don't want to sell rocket fuel. It's just not going to work so well. And in any event, an

official would wonder, how practical would it be for you to change direction in your own

career trajectory. So looking at what people have done in the past and you intimated

and it's a good intimation, that individuals will typically buy into an existing business,

although that's not always the case. But if it's a possibility, they're open to, we can

introduce them to parties who will open up a window of opportunities when it comes to

the types of businesses that are available within Canada. That would be consistent with

what they've done in the past. And that way it minimizes the level of risk. There are

some people, on the other hand, particularly in the IT sector, where obviously who've

got very got a very clear idea of what they want to do and they don't require so much

help and they're happy to start up a business cold. But I think that for the most part,

entering and creating a brand new business from the start is a little riskier for those not

used to it because there are so many other factors that we're at play. So it very much

depends upon the circumstances and what the people want to do. And our view is that

the business plan is not just a device to worry about an immigration qualification

process. It's actually a real business plan that they can look to their economic future to

establish themselves and their family successfully.


Salman: Right. And if somebody wants to buy a profitable business in one's desired

industry in Canada, how does one even start to look for something like that?


David: We have business partners who are actively involved in that. We have

absolutely no commercial interest in how that operates. But it does mean that the

individuals get an opportunity to see businesses that are available across sectors,

across jurisdictions. So across provinces, they don't have to think solely in terms of B.C.

or Ontario or Quebec. There are other places and to see what fits with their not only the

commercial desires, but also the sort of lifestyle that they want to establish. Bear in

mind that. I think I reference the demographic challenges in Canada. That's equally true

for existing business owners looking to get out. And so there are opportunities that are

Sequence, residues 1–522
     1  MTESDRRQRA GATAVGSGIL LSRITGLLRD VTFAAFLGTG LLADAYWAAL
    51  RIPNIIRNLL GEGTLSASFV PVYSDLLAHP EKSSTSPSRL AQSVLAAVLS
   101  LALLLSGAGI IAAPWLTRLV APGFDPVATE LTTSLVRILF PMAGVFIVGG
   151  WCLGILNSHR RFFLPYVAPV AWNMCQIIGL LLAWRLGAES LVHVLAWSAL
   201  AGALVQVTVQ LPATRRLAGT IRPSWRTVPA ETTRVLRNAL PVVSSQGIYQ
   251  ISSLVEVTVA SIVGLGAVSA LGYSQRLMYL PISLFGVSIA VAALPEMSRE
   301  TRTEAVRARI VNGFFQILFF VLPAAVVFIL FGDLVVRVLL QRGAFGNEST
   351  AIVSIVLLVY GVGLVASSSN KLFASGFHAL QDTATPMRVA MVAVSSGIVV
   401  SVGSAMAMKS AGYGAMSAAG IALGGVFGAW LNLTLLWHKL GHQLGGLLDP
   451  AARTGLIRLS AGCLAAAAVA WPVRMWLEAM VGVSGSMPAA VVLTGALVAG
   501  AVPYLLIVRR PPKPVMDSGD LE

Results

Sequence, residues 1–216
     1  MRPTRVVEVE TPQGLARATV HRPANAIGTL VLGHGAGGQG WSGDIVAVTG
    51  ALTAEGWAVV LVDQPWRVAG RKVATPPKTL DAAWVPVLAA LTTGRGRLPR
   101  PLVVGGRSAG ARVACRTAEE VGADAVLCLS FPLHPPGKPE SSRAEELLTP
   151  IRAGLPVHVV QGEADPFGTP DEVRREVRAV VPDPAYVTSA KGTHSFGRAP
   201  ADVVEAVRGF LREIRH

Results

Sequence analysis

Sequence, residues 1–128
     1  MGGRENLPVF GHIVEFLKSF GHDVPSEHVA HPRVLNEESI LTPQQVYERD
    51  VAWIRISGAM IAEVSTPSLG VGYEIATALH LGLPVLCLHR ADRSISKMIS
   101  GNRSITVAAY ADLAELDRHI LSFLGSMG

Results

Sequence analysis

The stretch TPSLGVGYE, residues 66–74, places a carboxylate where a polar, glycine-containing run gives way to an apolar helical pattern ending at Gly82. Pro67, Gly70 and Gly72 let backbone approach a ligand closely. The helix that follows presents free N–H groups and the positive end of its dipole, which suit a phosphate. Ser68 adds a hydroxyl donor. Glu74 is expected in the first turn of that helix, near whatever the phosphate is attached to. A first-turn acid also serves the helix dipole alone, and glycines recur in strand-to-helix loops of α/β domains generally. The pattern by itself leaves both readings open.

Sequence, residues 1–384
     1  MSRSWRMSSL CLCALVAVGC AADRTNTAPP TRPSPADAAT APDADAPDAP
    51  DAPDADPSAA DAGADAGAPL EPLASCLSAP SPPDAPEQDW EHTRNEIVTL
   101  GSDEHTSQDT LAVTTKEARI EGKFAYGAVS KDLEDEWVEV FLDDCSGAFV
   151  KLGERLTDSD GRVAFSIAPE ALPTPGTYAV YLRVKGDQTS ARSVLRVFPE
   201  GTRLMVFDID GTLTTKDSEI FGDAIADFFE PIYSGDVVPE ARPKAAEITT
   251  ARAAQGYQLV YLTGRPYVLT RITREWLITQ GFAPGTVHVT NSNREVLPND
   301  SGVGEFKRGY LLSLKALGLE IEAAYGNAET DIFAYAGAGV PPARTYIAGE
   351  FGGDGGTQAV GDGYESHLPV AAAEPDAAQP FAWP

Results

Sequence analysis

important not only for the vendors but also for communities so that they've got

successful businesses continuing into the future. After all, immigration isn't just about for

the individuals. It's not just about what the governments want. It's for local communities

as well.


Salman: Right. And sticking with this question of acquiring an established business.

Now, I've read in some articles where people have been struggling to find the right kind

of business. And as you already mentioned, it depends on the person's interest and

what kind of businesses they are looking for. But in most of the cases, some people

don't have the budget to buy a profitable business. So would you advise an immigrant

investor to buy a struggling business and commit to its improvement? Does that usually

work?


David: No, I wouldn't encourage a person to do that. I'd encourage anybody in their life

to do something that is reasonable and sensible. If something is either too good to be

true or if it sounds better than it has a right to be, probably is not right. It's got to fit in all

respects. And I can understand that all of us want to sell the house for more than it

might be worth in the local market, but we shouldn't expect that we paid more. And the

same is true for a business person trying to sell their business. As for the transition into

the business community, and I know you didn't ask this question, but it goes with the

sale that very often vendors will remain working with the new owner in the business for

a period of time as they adjust to the new business environment and they get used to

how things are done. That's not really a problem. I think that if it's handled in a sensible

way, it's good for the vendor of the business as well. One more thing, because I think

it's worth mentioning people who are selling their business want to do so confidentially.

It's not going to do anything for the value of a business to advertise that it's for sale. So

all of these things happen in a very discreet environment, which is good for the

intending immigrant in addition to the vendor.


Salman: Right. Now, let's talk a little bit about the startup visa program. First of all, if

you could tell our listeners what is that program and if you could also touch upon the

different investment thresholds that exist for angel investors, VC funds and business

incubators which differ under the program.